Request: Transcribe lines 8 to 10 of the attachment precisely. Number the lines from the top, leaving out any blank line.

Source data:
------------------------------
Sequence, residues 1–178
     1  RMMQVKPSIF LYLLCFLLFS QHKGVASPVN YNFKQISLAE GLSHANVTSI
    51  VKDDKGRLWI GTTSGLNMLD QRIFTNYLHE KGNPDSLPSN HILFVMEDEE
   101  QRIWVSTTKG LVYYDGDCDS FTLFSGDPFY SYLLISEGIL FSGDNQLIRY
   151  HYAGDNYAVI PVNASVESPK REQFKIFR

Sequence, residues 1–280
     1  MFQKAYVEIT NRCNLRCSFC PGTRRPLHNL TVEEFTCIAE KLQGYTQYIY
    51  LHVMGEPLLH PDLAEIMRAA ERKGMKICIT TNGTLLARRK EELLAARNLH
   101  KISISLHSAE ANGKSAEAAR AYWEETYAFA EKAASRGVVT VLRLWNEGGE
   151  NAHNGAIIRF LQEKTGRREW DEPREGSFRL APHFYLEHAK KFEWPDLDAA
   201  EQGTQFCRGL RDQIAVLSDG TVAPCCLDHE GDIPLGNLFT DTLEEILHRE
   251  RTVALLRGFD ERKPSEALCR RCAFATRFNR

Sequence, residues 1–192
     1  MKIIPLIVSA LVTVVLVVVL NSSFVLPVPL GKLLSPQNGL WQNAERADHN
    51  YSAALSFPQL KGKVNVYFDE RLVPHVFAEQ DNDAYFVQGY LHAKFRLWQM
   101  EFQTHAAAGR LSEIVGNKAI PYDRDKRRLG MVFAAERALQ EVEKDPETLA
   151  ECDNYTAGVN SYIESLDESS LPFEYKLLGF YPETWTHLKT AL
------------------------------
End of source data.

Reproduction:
    51  LHVMGEPLLH PDLAEIMRAA ERKGMKICIT TNGTLLARRK EELLAARNLH
   101  KISISLHSAE ANGKSAEAAR AYWEETYAFA EKAASRGVVT VLRLWNEGGE
   151  NAHNGAIIRF LQEKTGRREW DEPREGSFRL APHFYLEHAK KFEWPDLDAA